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Logo of Phnom Penh Post newspaper Phnom Penh Post - What to do when the tax man cometh...

What to do when the tax man cometh...

T he minimization of tax liability is a major part of doing business in any country

in the world. Before undertaking a cross-border investment, the tax implications

of the investment are, in most cases, thoroughly analyzed. However, existing and

new investors in the Cambodian market sometimes place this important aspect of investment

planning as a low priority.

The reasons for this lack of attention to taxation is a combination of two factors.

One, Cambodia is a fast moving market and some investors do not feel that they have

time (or wish to commit the resources) to thoroughly research the relevant tax issues.

They reason that they need to jump into the Cambodian market quickly to beat their

competition and will worry about tax when the issue directly arises. In addition,

many investors assume that Cambodia's overall lack of laws and failure to enforce

existing laws translate into no tax liability.

Audits and Investigations

As a practical matter, operating a business under this assumption has had little

negative result until the present. Implementation and enforcement of tax laws has

been poor since the re-opening of Cambodia to early 1996.

However, the situation appears to be changing. The Department of Taxation (DOT) of

the Ministry of Economics and Finance has recently stepped up efforts to recover

back taxes. 1996 has seen a spate of renewed activity, audits and investigations

by the tax authorities. This activity will probably increase in 1997 as past oversights

are corrected.

Part of the motivation for this increased activity is that the IMF and other international

organizations are strongly encouraging the government to clamp down on delinquent

taxpayers. The government must increase tax revenues to overcome its current dependency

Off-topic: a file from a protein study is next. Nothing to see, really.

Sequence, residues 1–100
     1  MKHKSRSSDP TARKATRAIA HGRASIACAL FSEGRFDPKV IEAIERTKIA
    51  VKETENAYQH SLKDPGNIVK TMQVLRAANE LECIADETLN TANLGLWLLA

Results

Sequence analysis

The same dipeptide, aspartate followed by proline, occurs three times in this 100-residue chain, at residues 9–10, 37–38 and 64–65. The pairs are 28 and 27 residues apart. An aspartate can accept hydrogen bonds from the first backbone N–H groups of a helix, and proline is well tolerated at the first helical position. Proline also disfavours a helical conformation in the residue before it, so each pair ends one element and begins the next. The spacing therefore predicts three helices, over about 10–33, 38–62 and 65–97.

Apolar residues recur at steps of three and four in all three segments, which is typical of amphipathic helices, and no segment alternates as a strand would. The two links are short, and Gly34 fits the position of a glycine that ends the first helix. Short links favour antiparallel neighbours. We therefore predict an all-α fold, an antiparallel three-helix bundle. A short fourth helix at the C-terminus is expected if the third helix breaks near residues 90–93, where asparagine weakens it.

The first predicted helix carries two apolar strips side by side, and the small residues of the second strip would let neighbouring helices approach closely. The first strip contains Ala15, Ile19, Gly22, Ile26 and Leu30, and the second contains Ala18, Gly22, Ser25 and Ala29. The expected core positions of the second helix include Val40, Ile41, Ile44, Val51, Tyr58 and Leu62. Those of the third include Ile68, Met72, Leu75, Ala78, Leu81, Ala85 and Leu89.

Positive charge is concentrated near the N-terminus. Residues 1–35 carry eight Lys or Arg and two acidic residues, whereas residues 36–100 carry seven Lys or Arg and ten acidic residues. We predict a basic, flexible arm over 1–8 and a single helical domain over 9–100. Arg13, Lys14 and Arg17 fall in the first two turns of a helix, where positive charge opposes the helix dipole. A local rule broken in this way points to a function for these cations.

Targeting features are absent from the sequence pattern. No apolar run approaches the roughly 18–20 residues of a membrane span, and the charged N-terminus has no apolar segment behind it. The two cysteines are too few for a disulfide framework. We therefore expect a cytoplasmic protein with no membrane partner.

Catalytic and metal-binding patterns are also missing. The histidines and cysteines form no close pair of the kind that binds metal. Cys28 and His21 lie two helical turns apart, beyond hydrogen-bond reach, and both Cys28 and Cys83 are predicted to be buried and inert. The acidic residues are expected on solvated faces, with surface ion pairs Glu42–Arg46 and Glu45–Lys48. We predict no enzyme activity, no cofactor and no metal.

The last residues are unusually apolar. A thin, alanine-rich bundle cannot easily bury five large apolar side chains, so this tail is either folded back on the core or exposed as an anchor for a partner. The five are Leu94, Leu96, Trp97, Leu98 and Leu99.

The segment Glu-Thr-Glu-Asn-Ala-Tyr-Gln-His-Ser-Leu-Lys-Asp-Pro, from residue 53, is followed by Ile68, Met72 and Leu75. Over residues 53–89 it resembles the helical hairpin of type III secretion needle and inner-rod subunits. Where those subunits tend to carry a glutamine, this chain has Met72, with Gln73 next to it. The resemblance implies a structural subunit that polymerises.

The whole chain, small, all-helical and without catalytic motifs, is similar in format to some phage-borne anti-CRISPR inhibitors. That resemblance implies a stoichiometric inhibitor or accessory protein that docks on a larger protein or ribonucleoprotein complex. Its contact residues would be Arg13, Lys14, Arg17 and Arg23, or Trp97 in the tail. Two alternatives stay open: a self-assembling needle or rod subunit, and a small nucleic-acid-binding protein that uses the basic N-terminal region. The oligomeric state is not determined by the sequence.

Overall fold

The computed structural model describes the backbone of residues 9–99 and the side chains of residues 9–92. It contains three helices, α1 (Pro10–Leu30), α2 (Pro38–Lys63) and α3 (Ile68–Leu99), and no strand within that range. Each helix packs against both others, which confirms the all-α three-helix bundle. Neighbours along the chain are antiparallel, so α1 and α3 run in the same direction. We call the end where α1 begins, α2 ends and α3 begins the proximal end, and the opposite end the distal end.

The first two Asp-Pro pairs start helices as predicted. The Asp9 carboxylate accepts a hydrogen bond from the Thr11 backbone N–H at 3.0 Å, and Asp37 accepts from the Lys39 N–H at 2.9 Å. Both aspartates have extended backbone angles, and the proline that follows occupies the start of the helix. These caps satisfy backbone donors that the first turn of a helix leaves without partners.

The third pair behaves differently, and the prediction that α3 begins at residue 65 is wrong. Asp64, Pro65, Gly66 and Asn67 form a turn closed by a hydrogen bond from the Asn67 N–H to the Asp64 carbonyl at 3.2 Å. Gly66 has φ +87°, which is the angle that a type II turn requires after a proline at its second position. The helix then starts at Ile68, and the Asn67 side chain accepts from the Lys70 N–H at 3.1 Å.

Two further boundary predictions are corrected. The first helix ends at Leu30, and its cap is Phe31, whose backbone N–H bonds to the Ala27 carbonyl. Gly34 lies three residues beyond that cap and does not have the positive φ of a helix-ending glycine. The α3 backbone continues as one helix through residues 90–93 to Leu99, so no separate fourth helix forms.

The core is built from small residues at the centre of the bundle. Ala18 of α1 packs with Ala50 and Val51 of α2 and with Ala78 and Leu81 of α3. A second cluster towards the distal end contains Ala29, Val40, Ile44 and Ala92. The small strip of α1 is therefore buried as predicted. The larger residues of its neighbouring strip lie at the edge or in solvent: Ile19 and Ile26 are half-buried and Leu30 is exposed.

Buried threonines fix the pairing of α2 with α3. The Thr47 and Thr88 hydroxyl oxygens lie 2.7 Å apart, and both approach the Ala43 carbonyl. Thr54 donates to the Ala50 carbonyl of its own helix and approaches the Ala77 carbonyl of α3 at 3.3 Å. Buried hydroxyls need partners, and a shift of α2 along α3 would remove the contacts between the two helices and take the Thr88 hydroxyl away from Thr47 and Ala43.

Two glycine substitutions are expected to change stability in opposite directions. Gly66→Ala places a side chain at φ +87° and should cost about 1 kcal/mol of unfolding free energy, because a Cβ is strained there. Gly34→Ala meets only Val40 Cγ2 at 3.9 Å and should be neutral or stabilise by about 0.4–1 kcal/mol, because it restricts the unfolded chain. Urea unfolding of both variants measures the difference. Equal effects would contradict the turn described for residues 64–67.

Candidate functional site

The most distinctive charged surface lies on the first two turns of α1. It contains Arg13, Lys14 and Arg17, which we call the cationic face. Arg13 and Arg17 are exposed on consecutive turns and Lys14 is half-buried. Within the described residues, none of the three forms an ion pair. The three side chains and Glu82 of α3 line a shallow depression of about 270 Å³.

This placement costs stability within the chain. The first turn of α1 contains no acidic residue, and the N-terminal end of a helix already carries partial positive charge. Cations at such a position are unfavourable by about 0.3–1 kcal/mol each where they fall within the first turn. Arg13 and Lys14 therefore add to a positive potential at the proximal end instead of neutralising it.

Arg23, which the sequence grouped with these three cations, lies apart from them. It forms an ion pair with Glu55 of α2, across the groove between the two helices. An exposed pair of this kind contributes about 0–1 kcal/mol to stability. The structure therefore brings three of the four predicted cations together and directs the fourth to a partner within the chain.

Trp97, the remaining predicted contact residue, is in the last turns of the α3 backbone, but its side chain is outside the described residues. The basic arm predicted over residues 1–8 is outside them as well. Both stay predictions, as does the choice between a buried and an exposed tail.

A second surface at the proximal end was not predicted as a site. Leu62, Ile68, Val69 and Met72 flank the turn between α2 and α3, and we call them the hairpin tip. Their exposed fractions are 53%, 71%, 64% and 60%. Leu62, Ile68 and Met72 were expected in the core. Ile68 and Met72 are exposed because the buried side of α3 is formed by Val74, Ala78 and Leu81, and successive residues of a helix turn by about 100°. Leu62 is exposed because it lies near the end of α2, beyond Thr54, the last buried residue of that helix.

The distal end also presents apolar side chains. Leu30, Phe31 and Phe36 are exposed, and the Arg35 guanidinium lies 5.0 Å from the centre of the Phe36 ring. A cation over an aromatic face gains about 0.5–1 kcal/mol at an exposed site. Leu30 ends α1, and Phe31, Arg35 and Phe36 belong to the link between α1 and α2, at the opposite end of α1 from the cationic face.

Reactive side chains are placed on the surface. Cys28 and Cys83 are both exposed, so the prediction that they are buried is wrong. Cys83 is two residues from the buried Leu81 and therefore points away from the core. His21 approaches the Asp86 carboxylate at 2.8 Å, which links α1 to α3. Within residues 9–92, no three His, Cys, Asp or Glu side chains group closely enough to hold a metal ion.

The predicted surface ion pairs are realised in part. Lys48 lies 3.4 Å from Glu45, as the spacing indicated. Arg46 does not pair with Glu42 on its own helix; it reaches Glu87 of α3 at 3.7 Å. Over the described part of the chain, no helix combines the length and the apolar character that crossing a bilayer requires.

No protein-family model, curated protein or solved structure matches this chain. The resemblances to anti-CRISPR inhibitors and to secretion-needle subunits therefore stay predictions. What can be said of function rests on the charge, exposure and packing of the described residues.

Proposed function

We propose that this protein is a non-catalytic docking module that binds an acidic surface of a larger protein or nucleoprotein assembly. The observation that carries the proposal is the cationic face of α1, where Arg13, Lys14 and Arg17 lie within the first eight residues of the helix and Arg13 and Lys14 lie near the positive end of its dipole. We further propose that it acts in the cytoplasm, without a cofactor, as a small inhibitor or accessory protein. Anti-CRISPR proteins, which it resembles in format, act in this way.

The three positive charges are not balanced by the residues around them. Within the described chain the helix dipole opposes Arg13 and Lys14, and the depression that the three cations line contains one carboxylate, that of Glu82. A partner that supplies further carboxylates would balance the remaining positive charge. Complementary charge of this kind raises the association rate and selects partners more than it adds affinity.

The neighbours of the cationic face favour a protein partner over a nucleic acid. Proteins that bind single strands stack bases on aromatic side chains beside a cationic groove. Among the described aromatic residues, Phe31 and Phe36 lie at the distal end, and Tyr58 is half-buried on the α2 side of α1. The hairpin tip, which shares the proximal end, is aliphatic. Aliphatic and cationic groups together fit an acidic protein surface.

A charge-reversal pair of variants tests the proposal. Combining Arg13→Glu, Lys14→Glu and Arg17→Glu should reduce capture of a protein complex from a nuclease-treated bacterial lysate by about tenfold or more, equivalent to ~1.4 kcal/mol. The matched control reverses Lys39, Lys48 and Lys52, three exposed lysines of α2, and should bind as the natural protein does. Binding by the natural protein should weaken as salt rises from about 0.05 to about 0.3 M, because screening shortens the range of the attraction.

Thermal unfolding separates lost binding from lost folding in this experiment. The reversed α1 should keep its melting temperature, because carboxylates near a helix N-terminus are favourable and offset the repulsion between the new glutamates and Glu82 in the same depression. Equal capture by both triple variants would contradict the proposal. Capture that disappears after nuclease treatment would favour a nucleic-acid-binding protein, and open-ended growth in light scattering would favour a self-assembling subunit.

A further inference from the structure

on customs duties and international aid. It is rumored that the Finance and Budget

law for 1997 will contain strong new penalty, audit and enforcement provisions to

help ensure increased tax revenue.

A symbol of the DOT's increased activity in the review and enforcement areas is the

newly establish litigation office. A recent DOT notice establishes a litigation office,

under the authority of the DOT, which will hear and adjudicate disputes between the

DOT and the taxpayer.

Hurdles for Business

Keeping abreast of tax laws and regulations is not an easy task for investors.

Part of the difficulty is that most tax laws and regulations are included in the

general budget laws. The investor must sort through these laws and extract the provisions

applicable to taxation. As the tax system is evolving, the investor must also keep

track of modifications.

Another major difficulty is that many of the tax laws and regulations are officially

published only in Khmer and, sometimes, in French. Official English translations

are rare. Unofficial English translations usually appear months after the original

law was enacted, and are sometimes difficult to understand.

Finally, the effective date of the tax rules following promulgation is usually very